Among each of the stories about the invention of the French Dip, the one told by Philippe Mathieu in 1951 is the most convincing as it is a first-person account unlike the others, it lacks a neat-’n-tidy Bingo! moment, and even allows for the sandwich to develop as times and tastes change.  Should you decide to pay his restaurant a visit,  be prepared to wait in line.  There is a unique style of service at Philippe’s that dates back to its opening, in which lines form in front of the long deli-display counter at each of the “Carvers.”  Each Carver has everything needed to prepare your meal, including salads, soups, and chili.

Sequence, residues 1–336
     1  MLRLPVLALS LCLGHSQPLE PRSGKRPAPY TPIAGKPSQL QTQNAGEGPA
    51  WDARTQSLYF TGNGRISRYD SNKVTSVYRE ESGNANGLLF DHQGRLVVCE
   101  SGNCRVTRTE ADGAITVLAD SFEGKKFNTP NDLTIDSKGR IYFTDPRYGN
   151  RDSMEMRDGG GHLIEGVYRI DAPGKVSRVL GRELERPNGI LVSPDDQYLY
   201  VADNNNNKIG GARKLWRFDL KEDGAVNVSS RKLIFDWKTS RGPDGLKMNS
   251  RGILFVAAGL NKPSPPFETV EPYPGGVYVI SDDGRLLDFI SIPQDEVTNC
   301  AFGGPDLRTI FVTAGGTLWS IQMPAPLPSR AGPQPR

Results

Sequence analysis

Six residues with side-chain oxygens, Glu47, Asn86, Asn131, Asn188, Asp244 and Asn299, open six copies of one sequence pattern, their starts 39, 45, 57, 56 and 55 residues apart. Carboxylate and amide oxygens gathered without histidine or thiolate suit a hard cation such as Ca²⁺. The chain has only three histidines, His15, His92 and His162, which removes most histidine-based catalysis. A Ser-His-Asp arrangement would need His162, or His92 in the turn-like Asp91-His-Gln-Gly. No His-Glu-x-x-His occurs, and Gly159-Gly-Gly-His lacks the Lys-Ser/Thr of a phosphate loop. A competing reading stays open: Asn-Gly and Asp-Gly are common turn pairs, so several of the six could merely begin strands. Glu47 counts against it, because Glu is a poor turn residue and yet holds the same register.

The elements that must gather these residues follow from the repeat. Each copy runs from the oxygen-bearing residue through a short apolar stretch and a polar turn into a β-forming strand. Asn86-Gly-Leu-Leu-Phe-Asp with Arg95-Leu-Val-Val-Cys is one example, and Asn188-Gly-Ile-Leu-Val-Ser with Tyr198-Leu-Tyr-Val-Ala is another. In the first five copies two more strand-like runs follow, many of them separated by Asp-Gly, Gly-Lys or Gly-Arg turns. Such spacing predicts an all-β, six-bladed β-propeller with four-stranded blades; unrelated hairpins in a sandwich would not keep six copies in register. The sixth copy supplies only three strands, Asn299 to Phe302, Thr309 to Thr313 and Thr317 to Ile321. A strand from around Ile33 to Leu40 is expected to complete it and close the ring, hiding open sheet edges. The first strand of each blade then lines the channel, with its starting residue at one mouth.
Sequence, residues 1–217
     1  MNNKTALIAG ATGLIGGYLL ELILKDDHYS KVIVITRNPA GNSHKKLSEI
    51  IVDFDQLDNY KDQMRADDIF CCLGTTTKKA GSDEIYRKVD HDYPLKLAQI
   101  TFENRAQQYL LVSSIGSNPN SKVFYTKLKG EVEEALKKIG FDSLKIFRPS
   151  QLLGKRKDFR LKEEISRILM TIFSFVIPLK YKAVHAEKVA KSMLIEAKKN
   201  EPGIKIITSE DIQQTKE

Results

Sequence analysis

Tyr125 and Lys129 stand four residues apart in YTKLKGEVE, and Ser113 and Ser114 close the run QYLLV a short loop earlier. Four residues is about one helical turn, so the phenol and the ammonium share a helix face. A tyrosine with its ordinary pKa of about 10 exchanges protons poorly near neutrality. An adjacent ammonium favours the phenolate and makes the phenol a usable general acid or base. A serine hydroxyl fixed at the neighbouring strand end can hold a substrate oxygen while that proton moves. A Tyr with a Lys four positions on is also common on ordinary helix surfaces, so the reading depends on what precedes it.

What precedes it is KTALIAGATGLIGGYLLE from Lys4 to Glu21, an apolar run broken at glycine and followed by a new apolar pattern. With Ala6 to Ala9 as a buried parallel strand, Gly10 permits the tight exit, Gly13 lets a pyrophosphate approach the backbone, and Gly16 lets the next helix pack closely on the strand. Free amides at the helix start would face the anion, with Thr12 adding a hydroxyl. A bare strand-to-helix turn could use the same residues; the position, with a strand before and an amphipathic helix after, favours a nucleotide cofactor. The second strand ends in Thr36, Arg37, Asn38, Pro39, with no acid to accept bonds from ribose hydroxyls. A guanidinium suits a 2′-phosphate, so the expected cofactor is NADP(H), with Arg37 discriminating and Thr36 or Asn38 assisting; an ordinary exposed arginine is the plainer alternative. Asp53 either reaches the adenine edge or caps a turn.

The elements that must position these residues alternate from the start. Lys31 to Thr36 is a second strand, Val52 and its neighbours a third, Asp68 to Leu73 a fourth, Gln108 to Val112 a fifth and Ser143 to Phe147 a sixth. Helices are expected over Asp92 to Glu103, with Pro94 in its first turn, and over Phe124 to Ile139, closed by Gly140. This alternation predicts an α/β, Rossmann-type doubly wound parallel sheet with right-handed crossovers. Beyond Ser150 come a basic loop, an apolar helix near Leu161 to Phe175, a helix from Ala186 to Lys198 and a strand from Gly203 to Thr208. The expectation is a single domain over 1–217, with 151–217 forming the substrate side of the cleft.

Philippe The Original carvers color

The plates are paper and the service is fast-paced.

Should you happen to decide later you want a slice of pie, you will find a line to the right of the Carvers with a host of “non-sandwich” items to perfectly compliment your meal.

Philippe’s is a timeless piece of Los Angeles history, an experience as much as it is a place.  So if you find yourself in Los Angeles, skip the obvious tourist traps and dip into history at Philippe The Original with its sawdust floors and taste a French Dip the way it was and is meant to be.